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Myotonic dystrophy type I (DM1) is a disabling neuromuscular disease with no causal treatment available. This disease is caused by expanded CTG trinucleotide repeats in the 3′ UTR of the dystrophia myotonica protein kinase gene. On the RNA level, expanded (CUG)n repeats form hairpin structures that sequester splicing factors such as muscleblind-like 1 (MBNL1). Lack of available MBNL1 leads to misregulated alternative splicing of many target pre-mRNAs, leading to the multisystemic symptoms in DM1. Many studies aiming to identify small molecules that target the (CUG)n-MBNL1 complex focused on synthetic molecules. In an effort to identify new small molecules that liberate sequestered MBNL1 from (CUG)n RNA, we focused specifically on small molecules of natural origin. Natural products remain an important source for drugs and play a significant role in providing novel leads and pharmacophores for medicinal chemistry. In a new DM1 mechanism-based biochemical assay, we screened a collection of isolated natural compounds and a library of over 2100 extracts from plants and fungal strains. HPLC-based activity profiling in combination with spectroscopic methods were used to identify the active principles in the extracts. The bioactivity of the identified compounds was investigated in a human cell model and in a mouse model of DM1. We identified several alkaloids, including the β-carboline harmine and the isoquinoline berberine, that ameliorated certain aspects of the DM1 pathology in these models. Alkaloids as a compound class may have potential for drug discovery in other RNA-mediated diseases.
Myotonic dystrophy type I (DM1)4 is the most common muscular dystrophy in the adult population, with a relatively high prevalence of about 1:8000 (1). This autosomal dominantly inherited disease affects multiple organs, most prominently the skeletal muscle, with wasting, weakness, and an inability to relax (myotonia) (1). Currently, there is no effective treatment for this disabling disease. The pathomechanism of DM1 is linked to a CTGn expansion in the 3′ UTR of the dystrophia myotonica protein kinase (DMPK) gene (2, 3), leading to a toxic gain-of-function RNA (4, 5). The mutant DMPK transcript is entrapped within nuclei of affected cells, where it forms aggregates (foci) with splicing factors such as muscleblind-like 1 (MBNL1) (6, 7). Bound to mutant DMPK (CUG)n RNA, MBNL1 is no longer available for correct splicing of its target pre-mRNAs (8, 9). Thus, the splicing of a multitude of pre-mRNAs is misregulated, including the skeletal muscle chloride channel (CLCN1), the insulin receptor (INSR), sarcoplasmic/endoplasmic reticulum Ca2+ ATPase 1 (SERCA1), and cardiac troponin T type 2 (TNNT2) pre-mRNA (10,–16). Interestingly, the missplicing of some pre-mRNAs can be linked directly to a certain disease symptom, e.g. myotonia in the case of the CLCN1 pre-mRNA. MBNL1 sequestration by (CUG)n RNA causes inclusion of alternative exon 7a, leading to a shift in the open reading frame and to premature termination of translation (12, 13). As a result, functional CLCN1 protein is decreased, which leads to the myotonia characteristic of DM1 (17).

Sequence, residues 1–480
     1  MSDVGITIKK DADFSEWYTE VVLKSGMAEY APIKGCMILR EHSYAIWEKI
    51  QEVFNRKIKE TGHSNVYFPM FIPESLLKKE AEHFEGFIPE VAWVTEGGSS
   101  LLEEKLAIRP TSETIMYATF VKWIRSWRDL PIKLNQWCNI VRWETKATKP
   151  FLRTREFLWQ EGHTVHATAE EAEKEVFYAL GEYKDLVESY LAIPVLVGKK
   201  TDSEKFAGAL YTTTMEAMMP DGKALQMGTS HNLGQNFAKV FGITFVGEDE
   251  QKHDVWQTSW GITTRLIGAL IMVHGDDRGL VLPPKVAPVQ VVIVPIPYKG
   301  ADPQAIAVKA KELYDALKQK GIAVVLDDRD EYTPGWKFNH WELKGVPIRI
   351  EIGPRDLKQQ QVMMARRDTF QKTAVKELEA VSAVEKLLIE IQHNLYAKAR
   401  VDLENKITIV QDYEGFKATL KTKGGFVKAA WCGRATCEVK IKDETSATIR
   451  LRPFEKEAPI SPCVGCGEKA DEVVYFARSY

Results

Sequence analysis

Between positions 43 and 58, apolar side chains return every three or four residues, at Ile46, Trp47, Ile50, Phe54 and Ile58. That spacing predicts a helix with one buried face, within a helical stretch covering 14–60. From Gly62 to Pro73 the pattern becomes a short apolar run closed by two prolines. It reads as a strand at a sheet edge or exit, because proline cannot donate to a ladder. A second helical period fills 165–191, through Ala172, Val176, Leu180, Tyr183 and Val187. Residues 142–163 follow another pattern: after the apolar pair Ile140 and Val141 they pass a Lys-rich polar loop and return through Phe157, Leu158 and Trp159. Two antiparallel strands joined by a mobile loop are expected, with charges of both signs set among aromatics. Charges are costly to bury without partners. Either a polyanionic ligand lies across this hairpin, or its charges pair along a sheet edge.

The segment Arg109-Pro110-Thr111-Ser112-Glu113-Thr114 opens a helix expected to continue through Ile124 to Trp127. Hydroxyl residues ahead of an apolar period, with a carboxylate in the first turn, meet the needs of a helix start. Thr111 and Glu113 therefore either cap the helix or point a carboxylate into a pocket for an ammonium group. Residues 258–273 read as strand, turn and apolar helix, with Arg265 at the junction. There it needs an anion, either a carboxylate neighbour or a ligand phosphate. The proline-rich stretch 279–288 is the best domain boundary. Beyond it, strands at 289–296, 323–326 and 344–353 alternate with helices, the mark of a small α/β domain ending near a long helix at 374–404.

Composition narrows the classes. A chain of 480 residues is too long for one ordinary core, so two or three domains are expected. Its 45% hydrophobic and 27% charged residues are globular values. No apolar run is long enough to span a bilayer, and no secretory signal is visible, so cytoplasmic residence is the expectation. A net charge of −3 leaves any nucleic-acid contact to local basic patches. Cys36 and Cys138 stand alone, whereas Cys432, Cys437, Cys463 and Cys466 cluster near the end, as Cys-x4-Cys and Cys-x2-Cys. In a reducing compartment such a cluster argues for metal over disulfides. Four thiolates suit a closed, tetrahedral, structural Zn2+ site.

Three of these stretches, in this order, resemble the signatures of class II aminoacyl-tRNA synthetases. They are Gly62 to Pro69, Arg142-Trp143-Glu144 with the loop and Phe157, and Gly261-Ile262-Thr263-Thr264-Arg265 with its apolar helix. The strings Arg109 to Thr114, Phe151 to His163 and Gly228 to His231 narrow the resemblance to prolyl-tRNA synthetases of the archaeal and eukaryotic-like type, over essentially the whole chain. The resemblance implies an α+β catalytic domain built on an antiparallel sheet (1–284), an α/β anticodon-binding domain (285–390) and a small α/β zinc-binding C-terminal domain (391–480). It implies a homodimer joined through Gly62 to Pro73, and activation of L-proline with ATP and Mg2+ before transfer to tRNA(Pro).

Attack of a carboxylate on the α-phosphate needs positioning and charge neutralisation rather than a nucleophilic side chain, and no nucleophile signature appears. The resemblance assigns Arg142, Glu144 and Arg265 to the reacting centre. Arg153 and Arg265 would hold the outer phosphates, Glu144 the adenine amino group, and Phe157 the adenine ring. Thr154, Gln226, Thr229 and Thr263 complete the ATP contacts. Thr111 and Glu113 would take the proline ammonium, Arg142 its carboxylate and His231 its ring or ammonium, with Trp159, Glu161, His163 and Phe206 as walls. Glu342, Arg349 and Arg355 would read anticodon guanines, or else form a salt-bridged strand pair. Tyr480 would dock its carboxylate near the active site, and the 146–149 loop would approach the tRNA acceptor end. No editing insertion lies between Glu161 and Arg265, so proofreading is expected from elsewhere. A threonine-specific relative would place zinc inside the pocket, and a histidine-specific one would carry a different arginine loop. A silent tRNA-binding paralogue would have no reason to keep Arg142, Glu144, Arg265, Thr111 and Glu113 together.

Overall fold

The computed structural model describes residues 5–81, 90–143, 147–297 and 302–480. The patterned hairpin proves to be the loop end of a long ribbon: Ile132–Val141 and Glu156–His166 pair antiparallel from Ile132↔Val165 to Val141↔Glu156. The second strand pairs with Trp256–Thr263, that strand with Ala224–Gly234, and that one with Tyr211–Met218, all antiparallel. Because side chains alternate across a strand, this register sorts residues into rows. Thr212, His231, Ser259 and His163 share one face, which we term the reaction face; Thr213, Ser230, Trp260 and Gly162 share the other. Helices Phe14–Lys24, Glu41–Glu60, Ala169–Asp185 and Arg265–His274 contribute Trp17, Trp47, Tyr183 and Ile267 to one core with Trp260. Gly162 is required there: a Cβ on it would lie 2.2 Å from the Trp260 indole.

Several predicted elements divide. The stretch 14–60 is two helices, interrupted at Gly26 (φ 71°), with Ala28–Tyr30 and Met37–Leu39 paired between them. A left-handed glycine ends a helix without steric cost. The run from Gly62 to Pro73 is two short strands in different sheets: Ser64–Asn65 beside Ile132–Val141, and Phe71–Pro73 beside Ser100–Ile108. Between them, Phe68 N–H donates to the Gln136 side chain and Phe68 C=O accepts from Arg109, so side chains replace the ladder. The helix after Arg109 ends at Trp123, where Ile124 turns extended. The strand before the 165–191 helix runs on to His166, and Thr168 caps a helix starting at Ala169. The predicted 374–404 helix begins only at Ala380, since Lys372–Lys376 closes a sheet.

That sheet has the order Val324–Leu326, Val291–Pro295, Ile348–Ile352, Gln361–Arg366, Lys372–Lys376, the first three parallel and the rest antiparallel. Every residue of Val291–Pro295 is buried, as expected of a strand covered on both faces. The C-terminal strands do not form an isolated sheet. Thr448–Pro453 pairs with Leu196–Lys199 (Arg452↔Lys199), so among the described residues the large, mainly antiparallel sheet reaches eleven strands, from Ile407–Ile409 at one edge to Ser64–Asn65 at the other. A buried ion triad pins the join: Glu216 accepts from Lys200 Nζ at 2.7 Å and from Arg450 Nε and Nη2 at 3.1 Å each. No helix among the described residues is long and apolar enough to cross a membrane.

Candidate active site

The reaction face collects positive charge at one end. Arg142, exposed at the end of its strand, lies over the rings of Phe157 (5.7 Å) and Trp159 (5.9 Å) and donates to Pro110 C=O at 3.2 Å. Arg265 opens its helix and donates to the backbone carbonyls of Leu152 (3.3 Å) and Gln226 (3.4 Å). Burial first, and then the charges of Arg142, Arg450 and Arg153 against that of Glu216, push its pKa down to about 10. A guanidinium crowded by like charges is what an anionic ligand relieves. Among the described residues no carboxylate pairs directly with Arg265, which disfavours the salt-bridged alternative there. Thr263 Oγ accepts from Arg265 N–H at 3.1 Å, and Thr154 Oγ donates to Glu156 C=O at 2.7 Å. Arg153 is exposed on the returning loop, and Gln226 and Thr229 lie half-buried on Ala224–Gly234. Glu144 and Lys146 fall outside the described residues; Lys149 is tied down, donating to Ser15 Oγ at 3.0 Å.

To date, most therapeutic strategies toward DM1 focused either on the development of agents degrading the toxic RNA or blocking its pathogenic interaction with proteins; these strategies are reviewed in Ref. 18. Antisense oligonucleotides targeting the DMPK-(CUG)n transcripts (5, 19) and viral overexpression of MBNL1 (20) have been shown to reverse the toxic RNA effect in vitro and in vivo. Compared with the antisense oligonucleotide and gene therapy approaches, an advantage of a suitable small molecule is its potential to penetrate all tissues affected in DM1 patients and its potential oral bioavailability. A variety of small molecules have been described that inhibit the (CUG)n-MBNL1 complex and improve DM1-associated molecular defects in vitro and in some cases also in vivo. Several approaches were successful in identifying small molecules, such as screening of known nucleic acid binders (21), rational design of small molecules based on the structure of (CUG)n RNA (22), rational design of oligomers of (CUG)n RNA binders by modular assembly (23, 24), combinatorial chemistry (25, 26), and high-throughput screening (27, 28).
Most of the described (CUG)n RNA-targeting molecules are synthetic. Only a few small molecules of natural origin have been described, such as neomycin B (21) and lomofungin (27). To our knowledge, our study is the first to focus on small molecules of natural origin and represents the first screening of natural extracts in DM1 drug discovery. As RNA is still a relatively unexploited drug target, natural products present a rich source of new and diverse RNA binders (29). Interestingly, many known RNA-binding drugs are of natural origin, such as antibiotics that target the bacterial ribosomal RNA (30). Hence, it is of interest to investigate natural products in drug discovery for RNA-mediated diseases such as DM1.
We describe here the screening of isolated natural compounds and extracts from plants and fungal strains in a novel CUG78-MBNL1 complex inhibition assay. We identified several alkaloids as CUG78-MBNL1 complex inhibitors. Testing their bioactivity in a human myoblast model of DM1 (31) and in the human skeletal α-actin long repeat (HSALR) mouse model of DM1 (4) showed that the alkaloids ameliorate certain aspects of the DM1 pathology.